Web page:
Wednesday, June 17, 2009

Devil's Kiss - Sarwat Chadda

It's been a while since I've done a book review, so I'd better pull my socks up and get on with it. It's not as if I haven't been reading - I have. In spades. Or is it buckets? I've read the new Meg Rosoff, the second Hunger Games book Catching Fire (oh, don't even get me started, better than the first if you can believe it), City of Glass (none of which I can't blog about due to extreme excitement, awe and inability to say anything sensible about such great books), Wicked Lovely and Ink Exchange by Melissa Marr, Wings by Aprilynne Pike (hereby referred to as my `faerie phase'), the second Mac Slater I Heart NY, all the books I read in preparation for the Reading Matters conference, and so on and so forth. It's easy to see I am failing to read more middle fiction this year, as so far it's been YA all the way. 

So what have I chosen to review? Devil's Kiss by Sarwat Chadda. And why? Due to the outlandish marketing assertion on the back that `Buffy and Lara pale into comparison next to BILLI SANGREAL, the FEISTY, WEAPON-WIELDING HEROINE of the series'. And yes, the whole marketing spiel was full of these ridiculous capitalisations. Now I don't know much about Lara. Say Lara Croft to me and I just think `BOOBIES' (caps that, marketers!)*. But I have recently started watching Buffy and Angel in order from the beginning with Housemate Andrew. I've come in as an adult Buffy virgin, which I am quite pleased about. And I started watching the series long after reading all the Twilight books, thereby saving me from entering the whole Buffy v. Bella debate. 

So, Devil's Kiss. Billi, a 15 year-old British schoolgirl, is the first female in the Knights Templar. The Knights Templar by this stage is a small ragtag bunch of older men who consider it their ongoing  duty to protect the world from evil forces; far from their days of glory, the Order has slid into anachronism. Billi is an extremely reluctant recruit; she's been allowed in the Order purely because her father is the Grandmaster and they need every pair of hands they have. Billi's life is grim and not one of her choosing. She spends her time training to fight demons rather than more normal teenage pursuits. Her father is a distant and cold character; focussed only on the needs of the Order. What sets this book apart for me is the interesting combination of Christian and Islamic iconography and mythology that arises due to Billi's mixed heritage, and the positioning of the very old school Knights against a modern London landscape.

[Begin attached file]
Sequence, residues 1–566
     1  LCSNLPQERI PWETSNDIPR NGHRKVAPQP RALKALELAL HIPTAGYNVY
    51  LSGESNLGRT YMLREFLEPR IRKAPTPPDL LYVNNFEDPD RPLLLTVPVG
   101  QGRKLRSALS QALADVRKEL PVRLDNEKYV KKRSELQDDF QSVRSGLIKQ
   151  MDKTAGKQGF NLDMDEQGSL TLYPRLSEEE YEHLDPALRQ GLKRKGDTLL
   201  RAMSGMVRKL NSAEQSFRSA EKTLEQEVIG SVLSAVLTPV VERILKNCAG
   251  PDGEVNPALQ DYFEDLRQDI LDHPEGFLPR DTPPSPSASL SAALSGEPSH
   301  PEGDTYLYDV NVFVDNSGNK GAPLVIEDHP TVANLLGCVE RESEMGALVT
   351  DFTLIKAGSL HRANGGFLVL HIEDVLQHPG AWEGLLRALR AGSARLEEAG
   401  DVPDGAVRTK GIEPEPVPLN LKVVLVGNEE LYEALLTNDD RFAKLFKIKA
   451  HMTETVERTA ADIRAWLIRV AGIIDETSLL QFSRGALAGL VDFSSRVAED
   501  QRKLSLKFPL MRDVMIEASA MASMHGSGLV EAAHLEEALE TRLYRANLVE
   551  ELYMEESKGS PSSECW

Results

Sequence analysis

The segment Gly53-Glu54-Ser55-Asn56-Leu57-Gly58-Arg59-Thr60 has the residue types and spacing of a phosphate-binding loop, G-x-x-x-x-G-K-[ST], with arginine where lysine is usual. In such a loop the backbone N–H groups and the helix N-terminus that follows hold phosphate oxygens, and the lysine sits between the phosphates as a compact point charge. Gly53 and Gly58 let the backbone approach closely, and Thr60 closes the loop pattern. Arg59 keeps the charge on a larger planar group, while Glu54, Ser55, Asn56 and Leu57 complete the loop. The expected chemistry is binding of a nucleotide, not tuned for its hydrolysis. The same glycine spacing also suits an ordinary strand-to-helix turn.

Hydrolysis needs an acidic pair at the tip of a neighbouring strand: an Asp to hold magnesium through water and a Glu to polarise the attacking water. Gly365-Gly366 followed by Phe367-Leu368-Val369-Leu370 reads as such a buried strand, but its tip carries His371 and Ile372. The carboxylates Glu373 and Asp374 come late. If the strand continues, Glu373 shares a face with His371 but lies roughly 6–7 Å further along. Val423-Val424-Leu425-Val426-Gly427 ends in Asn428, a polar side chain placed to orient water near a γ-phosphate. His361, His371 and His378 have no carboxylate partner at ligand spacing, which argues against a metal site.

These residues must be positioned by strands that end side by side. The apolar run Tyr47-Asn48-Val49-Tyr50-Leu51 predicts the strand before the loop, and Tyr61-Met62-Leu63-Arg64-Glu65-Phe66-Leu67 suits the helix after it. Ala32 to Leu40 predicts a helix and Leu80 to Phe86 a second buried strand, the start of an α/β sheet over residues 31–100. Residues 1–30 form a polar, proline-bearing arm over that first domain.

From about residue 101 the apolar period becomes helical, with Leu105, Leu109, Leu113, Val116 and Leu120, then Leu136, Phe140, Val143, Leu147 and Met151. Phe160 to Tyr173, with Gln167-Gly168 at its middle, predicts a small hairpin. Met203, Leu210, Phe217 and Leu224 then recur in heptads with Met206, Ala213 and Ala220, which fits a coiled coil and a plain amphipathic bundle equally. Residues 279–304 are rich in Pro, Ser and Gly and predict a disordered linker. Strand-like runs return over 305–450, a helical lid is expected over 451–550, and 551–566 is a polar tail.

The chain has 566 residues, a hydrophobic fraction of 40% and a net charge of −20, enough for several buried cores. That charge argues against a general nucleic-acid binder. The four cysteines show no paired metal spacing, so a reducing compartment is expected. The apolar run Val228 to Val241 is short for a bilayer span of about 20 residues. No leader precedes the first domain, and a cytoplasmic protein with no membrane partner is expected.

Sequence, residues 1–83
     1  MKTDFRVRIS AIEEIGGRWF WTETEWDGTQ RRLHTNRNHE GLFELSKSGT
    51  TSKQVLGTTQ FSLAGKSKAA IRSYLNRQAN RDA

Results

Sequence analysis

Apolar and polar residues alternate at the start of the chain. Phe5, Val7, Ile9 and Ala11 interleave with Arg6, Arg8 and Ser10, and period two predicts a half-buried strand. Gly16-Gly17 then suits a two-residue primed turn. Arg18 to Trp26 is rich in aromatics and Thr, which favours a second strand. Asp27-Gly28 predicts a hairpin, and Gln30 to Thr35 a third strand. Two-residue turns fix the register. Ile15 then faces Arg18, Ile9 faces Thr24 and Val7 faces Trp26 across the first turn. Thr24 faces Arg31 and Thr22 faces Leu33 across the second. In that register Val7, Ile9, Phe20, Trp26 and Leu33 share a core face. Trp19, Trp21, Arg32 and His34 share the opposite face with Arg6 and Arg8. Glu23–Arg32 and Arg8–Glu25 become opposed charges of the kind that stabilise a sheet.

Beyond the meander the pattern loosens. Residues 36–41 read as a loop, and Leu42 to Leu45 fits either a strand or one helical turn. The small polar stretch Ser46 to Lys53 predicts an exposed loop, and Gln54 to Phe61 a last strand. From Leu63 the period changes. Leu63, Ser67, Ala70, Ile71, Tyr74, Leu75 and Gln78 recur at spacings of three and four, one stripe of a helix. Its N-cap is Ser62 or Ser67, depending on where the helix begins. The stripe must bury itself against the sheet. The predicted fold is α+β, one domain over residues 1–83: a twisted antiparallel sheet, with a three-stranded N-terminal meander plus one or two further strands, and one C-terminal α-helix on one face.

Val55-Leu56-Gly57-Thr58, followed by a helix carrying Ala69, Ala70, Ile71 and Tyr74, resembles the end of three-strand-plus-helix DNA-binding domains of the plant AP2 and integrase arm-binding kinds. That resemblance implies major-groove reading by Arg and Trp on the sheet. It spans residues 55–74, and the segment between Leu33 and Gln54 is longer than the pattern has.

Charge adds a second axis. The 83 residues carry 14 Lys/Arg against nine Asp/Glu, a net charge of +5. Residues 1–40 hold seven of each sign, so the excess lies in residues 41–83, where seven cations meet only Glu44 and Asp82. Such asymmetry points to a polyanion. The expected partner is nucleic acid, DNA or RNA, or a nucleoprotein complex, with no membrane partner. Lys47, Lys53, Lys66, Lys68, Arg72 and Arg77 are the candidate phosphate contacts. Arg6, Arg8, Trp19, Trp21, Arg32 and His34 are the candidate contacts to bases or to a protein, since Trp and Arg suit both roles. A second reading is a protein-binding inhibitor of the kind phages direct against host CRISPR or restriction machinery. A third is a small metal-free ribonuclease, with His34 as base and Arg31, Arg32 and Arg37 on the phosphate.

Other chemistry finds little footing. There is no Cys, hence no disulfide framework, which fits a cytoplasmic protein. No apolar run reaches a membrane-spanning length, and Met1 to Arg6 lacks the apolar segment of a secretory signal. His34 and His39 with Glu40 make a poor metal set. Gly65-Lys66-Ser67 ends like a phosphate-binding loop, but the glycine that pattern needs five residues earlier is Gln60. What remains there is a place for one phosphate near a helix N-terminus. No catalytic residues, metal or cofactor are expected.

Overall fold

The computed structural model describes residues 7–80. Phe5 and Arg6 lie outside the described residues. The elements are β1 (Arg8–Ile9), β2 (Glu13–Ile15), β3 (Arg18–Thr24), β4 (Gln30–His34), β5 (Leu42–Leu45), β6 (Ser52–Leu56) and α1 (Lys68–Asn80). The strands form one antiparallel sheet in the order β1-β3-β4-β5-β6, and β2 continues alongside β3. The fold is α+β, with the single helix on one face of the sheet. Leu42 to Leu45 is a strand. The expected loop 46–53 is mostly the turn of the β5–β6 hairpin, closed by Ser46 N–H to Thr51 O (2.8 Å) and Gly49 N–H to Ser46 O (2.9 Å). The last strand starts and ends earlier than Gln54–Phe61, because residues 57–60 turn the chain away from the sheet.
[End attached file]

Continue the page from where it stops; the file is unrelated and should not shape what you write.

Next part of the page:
Billi is a great character. I wouldn't go so far as to say Buffy pales in comparison (the author is a big Buffy fan himself, so I'm sure he'd cringe himself at the comparison), but Billi definitely holds her own as FEISTY and WEAPON-WIELDING. Writing this post made me think about what it is we require from our modern fantasy heroines. We need them to be fighters in the physical sense, not with superhuman strength or strength that's unrealistic for a young woman, but we need them to be willing to enter the fray and use whatever skills they have at their disposal. 

But most of  all I think we require our heroines to battle emotional demons as much as physical ones. In this book Billi struggles constantly to cope with her father's lack of interest in her as anything other than a foot soldier of the Order. This is handled extremely well I think. The other hallmark for a fantasy heroine is a little bit of Wrong Love. The love that the reader/viewer feels deep down in their hearts and pants as much as if the love was their own, but which everyone knows is wrong, wrong, wrong. The love that is both destined and destined to never work out. Devil's Kiss has this in both Kay, Billi's longtime friend and Oracle, and Michael, the ultimate tattooed buff honeypot. Thinking of all the (dare I say it, I guess it's bandied about as a genre so I can) urban fantasy books I've read in the past year, faerie ones included, they have all contained their own versions of Wrong Love for their female heroines. 

* Please note that I think the back cover guff was written by UK marketers. Who, I am sure, have not the grammar nor spelling skillz of Australian ones. 

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